Impact Investing/Social Sector Finance – Microfinance

Microfinance

What is microfinance?

Microfinance is a system of providing access to financial products and services to the world "unbanked," typically poor people and others who have been marginalized from the mainstream banking sector in a country. This marginalization is often for social and cultural reasons, and because the poor are often viewed as not credit-worthy (because they lack assets).

Microfinance includes the provision of financial products and services such as credit (small loans or micro-loans), insurance, remittances, and savings products. It also involves the use, where possible, of mobile technology for financial transactions—known as mobile banking or "m-banking."

Technically "microcredit" refers to the provision of credit (loans) only, while "microfinance" includes a full suite of credit- and savings-based products.

Why does it matter?

It is estimated that more than 2.5 billion people—overwhelmingly women and poor people in the developing world—lack access to basic financial services. Access to finance, in turn, can enable income generation, asset creation, family financial planning and protection against emergencies—all of which are crucial elements to lift a person out of poverty or improve a family's well-being.

Microfinance has gained recognition as an effective means of contributing on a sustainable basis to worldwide poverty reduction. Impoverished entrepreneurs are often unable to follow through on their ideas since it is virtually impossible for them to receive any assistance from their local governments or loans from a bank. The power and promise of microfinance has been highlighted in recent years when, for example, the microfinance pioneer Muhammad Yunus and the Grameen Bank he founded were awarded the 2006 Nobel Peace Prize. The Nobel Committee also saw that fewer people living in poverty leads to a more peaceful world. In addition, in some countries, microfinance institutions (MFIs) are among the largest financial services providers, thereby playing a key role in overall financial sector development and paving the way for a more economically productive future for more people.

How does Orrick get involved?

For more than eight years, Orrick has participated in all areas of the microfinance value chain. We have been consistently at the leading edge of involvement in creating structures to provide MFIs around the world with funds, as well as participating in other aspects of the burgeoning microfinance sector globally. For example, Orrick has developed expertise in peer-to-peer microfinance lending platforms and structured microfinance private equity funds and other investment vehicles. We also participate in due diligence trips, visit MFIs, and attend and present at microfinance conferences around the globe.

Orrick attorneys work often with local counsel on microfinance-related transactions in a variety of developing country jurisdictions. As a result of these experiences and relationships, we have keen insights and appreciation for the fundamentally important role of lawyers – who also understand microfinance—to play in the development of the sector as a whole.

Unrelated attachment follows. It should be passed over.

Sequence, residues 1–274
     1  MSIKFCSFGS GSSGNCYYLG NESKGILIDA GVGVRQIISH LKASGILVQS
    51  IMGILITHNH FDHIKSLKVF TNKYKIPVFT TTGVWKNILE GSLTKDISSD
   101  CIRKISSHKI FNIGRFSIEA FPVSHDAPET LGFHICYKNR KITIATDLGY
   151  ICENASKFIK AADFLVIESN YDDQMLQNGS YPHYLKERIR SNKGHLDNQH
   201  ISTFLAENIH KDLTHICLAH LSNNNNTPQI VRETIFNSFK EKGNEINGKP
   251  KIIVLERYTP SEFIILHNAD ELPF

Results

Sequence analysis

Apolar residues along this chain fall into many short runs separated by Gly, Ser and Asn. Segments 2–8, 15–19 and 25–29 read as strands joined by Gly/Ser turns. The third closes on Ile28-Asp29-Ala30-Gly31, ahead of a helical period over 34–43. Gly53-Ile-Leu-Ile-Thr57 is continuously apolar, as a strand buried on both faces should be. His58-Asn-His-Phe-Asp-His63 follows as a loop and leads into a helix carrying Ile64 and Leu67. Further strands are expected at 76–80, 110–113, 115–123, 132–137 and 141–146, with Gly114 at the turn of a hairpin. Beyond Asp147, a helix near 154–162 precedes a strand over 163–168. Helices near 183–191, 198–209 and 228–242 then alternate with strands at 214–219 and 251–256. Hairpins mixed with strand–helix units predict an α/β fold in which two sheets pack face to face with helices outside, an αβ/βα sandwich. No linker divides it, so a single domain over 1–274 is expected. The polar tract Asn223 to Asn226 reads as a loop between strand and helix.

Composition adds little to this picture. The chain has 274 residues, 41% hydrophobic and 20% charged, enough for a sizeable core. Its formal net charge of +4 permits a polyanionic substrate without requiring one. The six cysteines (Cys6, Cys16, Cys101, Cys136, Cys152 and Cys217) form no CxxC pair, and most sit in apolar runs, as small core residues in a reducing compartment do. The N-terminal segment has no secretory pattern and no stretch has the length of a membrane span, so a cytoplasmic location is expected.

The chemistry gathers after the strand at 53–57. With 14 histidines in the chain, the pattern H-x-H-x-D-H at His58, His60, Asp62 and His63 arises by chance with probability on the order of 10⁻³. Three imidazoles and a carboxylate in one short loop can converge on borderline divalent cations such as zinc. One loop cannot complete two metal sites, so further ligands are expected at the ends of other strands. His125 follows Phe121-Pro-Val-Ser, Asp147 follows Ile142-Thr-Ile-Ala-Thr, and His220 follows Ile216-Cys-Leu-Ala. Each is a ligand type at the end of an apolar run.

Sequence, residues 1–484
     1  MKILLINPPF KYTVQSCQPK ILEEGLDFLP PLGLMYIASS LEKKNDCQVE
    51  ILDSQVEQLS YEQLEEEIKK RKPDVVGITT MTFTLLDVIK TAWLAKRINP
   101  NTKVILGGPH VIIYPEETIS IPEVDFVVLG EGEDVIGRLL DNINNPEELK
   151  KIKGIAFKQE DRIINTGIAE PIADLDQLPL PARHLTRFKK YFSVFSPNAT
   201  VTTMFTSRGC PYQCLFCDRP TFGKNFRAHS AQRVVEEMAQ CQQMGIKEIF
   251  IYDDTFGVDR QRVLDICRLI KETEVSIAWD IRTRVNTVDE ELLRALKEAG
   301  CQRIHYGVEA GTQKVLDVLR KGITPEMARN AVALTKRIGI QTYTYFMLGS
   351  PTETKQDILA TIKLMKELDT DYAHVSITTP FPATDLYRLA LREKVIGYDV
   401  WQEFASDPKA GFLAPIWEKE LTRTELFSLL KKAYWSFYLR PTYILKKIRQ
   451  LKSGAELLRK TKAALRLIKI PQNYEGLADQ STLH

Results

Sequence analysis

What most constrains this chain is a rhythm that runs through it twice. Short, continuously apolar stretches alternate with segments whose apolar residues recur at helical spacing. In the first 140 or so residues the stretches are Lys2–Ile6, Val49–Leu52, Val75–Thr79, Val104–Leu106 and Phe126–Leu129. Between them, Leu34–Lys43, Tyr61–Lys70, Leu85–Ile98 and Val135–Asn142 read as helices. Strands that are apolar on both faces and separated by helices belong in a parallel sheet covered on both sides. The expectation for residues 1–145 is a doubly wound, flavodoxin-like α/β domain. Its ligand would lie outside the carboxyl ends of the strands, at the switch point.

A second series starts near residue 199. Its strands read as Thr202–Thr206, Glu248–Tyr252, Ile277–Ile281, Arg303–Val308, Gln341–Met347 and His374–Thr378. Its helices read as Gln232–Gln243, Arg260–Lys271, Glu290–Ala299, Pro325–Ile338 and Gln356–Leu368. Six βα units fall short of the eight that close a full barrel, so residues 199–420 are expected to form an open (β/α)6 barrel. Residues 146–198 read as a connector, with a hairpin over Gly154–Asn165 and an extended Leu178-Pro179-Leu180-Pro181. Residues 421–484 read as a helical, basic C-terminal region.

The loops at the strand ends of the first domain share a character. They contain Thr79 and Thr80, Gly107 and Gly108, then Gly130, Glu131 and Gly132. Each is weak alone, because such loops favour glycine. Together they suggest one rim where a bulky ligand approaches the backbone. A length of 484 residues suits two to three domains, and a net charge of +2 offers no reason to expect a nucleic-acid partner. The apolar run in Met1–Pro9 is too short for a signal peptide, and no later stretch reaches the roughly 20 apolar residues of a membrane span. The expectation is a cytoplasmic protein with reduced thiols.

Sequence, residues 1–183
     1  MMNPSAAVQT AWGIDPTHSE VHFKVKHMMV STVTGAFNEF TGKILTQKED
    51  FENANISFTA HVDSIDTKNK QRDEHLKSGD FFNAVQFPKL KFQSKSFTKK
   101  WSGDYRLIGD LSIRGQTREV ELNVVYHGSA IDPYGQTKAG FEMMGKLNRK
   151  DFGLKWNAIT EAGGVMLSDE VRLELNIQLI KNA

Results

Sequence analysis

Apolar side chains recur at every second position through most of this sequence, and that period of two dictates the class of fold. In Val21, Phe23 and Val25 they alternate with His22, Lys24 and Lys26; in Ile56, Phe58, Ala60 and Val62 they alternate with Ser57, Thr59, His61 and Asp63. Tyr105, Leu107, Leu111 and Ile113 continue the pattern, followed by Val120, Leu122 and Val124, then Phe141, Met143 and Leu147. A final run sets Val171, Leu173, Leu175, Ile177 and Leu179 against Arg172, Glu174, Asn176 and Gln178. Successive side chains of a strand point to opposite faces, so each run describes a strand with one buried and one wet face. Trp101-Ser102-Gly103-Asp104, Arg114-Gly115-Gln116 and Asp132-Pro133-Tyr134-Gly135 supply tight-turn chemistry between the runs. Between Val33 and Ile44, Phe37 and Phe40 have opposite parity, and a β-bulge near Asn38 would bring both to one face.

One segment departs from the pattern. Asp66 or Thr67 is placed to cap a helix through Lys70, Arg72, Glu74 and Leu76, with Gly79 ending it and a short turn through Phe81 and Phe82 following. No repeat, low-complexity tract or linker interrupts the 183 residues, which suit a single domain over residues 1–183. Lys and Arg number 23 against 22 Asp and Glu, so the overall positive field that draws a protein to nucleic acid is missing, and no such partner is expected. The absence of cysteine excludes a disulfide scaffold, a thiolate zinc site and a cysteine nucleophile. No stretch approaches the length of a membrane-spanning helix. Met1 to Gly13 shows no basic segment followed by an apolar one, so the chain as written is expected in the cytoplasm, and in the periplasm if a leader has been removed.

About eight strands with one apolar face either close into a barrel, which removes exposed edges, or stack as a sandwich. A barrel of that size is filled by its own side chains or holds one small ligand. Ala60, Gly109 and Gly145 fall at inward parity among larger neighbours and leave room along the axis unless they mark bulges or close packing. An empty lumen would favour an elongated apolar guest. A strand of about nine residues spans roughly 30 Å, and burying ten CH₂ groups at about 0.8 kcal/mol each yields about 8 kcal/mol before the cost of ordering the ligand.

Microfinance Gateway

For more information about microfinance generally, we encourage you to visit the Microfinance Gateway, an information portal and public resource for the global community.

  • Engagements

    Grassroots Capital Partners, Ltd.

    Advised Grassroots Capital Partners, Ltd., in connection with the formation of the Próspero Microfinanzas Fund, L.P. (Prospero), a private equity fund focused on investment in microfinance institutions that serve the less penetrated markets of Central and South America.  The fund includes a related investment vehicle, organized to accommodate the investment parameters of certain investors, that invests with Próspero on a “quasi-parallel” basis.  Development Finance Investors in Próspero and this related vehicle included FMO, Corporación Andina de Fomento (CAF), Danish Microfinance Partners (DMP), Inter-American Development Bank (IDB) and Norfund.

    Accion International

    Advised Accion International in connection with the rescue of a microfinance institution in India that was in precarious financial condition as a result of the crisis that developed in Andra Pradesh in India and has spawned the issuance of microfinance rules that have affected MFIs in India.

    EIB, AFDB and AFD

    Advised the European Investment Bank (EIB), the African Development Bank (AFDB) and the l’Agence Française de Développement (AFD) in connection with an investment in a microfinance institution in Ivory Coast that is a subsidiary of our pro bono client, PlaNet Finance.

    Global Partnerships

    Orrick joined forces with Global Partnerships (GP), a U.S.-based nonprofit organization that provides loans to MFIs in Central and South America, to help GP form a $2 million investment fund to issue debt instruments via private placement to investors. The proceeds of the issuance of these notes were made available for loans to MFIs in Central America. Shortly after completing that fund, Orrick lawyers began work on a second $8.5 million fund for GP, which lent funds to MFIs in additional countries. The Overseas Private Investment Corporation (OPIC) and the Inter-American Development Bank (IADB) were both investors in the second fund, which underscored the confidence that international investors have in GP’s model and activities. Orrick’s work with GP was highlighted in the July 2006 issue of The American Lawyer. globalpartnerships.org